A philosopher is someone who practices philosophy, which involves rational inquiry into areas that are outside of either theology or science. The term philosopher comes from the Ancient Greek φιλόσοφος meaning lover of wisdom, the coining of the term has been attributed to the Greek thinker Pythagoras. Typically, these brands of philosophy are Hellenistic ones and those who most arduously commit themselves to this lifestyle may be considered philosophers. The separation of philosophy and science from theology began in Greece during the 6th century BC, thales, an astronomer and mathematician, was considered by Aristotle to be the first philosopher of the Greek tradition. While Pythagoras coined the word, the first known elaboration on the topic was conducted by Plato, in his Symposium, he concludes that Love is that which lacks the object it seeks. Therefore, the philosopher is one who seeks wisdom, if he attains wisdom, the philosopher in antiquity was one who lives in the constant pursuit of wisdom, and living in accordance to that wisdom.
Disagreements arose as to what living philosophically entailed and these disagreements gave rise to different Hellenistic schools of philosophy. In consequence, the ancient philosopher thought in a tradition, as the ancient world became schism by philosophical debate, the competition lay in living in manner that would transform his whole way of living in the world. Philosophy is a discipline which can easily carry away the individual in analyzing the universe. The second is the change through the Medieval era. With the rise of Christianity, the way of life was adopted by its theology. Thus, philosophy was divided between a way of life and the conceptual, logical and metaphysical materials to justify that way of life, philosophy was the servant to theology. The third is the sociological need with the development of the university, the modern university requires professionals to teach. Maintaining itself requires teaching future professionals to replace the current faculty, the discipline degrades into a technical language reserved for specialists, completely eschewing its original conception as a way of life.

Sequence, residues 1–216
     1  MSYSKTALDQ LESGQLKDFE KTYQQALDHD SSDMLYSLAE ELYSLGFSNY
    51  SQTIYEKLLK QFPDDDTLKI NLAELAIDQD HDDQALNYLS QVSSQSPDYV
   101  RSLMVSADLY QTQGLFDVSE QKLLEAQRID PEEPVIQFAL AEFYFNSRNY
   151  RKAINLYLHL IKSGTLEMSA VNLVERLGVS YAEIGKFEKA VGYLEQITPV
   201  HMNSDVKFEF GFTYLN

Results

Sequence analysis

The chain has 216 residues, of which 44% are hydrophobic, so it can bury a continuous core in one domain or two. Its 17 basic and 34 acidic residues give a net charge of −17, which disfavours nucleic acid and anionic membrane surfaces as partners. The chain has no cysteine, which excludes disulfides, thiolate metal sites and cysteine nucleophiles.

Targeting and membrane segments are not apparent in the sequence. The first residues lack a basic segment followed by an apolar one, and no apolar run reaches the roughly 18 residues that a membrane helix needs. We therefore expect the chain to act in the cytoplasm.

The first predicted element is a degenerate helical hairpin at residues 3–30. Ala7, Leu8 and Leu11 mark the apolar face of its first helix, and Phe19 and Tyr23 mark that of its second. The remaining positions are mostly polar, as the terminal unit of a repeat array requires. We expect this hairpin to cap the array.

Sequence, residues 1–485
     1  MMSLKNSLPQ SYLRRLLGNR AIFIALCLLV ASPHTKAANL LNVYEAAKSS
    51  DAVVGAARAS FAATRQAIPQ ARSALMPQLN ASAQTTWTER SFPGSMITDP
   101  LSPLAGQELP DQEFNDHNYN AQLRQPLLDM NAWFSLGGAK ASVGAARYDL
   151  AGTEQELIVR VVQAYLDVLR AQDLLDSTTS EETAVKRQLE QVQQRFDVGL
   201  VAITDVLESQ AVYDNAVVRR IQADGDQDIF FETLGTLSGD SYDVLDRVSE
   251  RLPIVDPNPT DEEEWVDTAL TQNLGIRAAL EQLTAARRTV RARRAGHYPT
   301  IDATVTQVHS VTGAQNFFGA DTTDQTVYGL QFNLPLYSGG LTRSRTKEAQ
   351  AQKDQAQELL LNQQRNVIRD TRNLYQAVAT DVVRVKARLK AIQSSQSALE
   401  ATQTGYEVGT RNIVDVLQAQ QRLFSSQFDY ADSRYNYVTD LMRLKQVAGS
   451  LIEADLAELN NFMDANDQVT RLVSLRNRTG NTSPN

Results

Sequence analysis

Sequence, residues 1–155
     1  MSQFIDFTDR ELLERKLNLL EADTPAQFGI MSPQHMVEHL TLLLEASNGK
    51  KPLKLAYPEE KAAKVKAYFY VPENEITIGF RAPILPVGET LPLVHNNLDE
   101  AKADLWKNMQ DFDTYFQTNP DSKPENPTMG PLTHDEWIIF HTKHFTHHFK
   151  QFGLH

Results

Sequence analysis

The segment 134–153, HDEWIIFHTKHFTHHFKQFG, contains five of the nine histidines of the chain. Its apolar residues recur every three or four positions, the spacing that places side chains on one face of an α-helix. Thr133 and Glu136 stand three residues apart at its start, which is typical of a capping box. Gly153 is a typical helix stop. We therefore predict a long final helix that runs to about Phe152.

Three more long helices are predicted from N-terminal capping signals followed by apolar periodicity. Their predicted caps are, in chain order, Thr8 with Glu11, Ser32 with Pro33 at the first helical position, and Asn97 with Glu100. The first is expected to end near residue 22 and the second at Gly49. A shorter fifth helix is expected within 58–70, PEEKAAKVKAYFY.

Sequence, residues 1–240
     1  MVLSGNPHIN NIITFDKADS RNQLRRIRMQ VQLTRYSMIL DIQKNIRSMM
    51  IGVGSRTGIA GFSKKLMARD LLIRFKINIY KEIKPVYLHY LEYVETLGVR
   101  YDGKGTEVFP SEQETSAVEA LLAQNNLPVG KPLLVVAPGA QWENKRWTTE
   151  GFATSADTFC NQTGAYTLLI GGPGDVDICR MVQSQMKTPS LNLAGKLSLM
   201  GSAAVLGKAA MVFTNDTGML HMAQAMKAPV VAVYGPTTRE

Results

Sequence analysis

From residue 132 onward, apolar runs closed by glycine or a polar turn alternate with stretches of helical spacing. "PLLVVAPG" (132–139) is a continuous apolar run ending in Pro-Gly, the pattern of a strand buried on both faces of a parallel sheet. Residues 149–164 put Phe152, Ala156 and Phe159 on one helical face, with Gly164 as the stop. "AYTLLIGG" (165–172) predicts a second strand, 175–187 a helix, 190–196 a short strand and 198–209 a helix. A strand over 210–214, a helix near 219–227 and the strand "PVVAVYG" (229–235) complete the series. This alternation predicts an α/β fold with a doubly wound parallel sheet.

In the fourth century, the word began to designate a man or woman who led a monastic life. Gregory of Nyssa, for example, describes how his sister Macrina persuaded their mother to forsake the distractions of life for a life of philosophy. Later during the Middle Ages, persons who engaged with alchemy was called a philosopher - thus, many philosophers still emerged from the Classical tradition, as saw their philosophy as a way of life. Among the most notable are René Descartes, Baruch Spinoza, Nicolas Malebranche, with the rise of the university, the modern conception of philosophy became more prominent
Plutarch was a Greek biographer and essayist, known primarily for his Parallel Lives and Moralia. He is classified as a Middle Platonist, Plutarchs surviving works were written in Greek, but intended for both Greek and Roman readers. Plutarch was born to a prominent family in the town of Chaeronea, about 80 km east of Delphi. The name of Plutarchs father has not been preserved, but based on the common Greek custom of repeating a name in alternate generations, the name of Plutarchs grandfather was Lamprias, as he attested in Moralia and in his Life of Antony. His brothers and Lamprias, are mentioned in his essays and dialogues. Rualdus, in his 1624 work Life of Plutarchus, recovered the name of Plutarchs wife, from internal evidence afforded by his writings. A letter is still extant, addressed by Plutarch to his wife, bidding her not to grieve too much at the death of their two-year-old daughter, interestingly, he hinted at a belief in reincarnation in that letter of consolation. The exact number of his sons is not certain, although two of them and the second Plutarch, are often mentioned.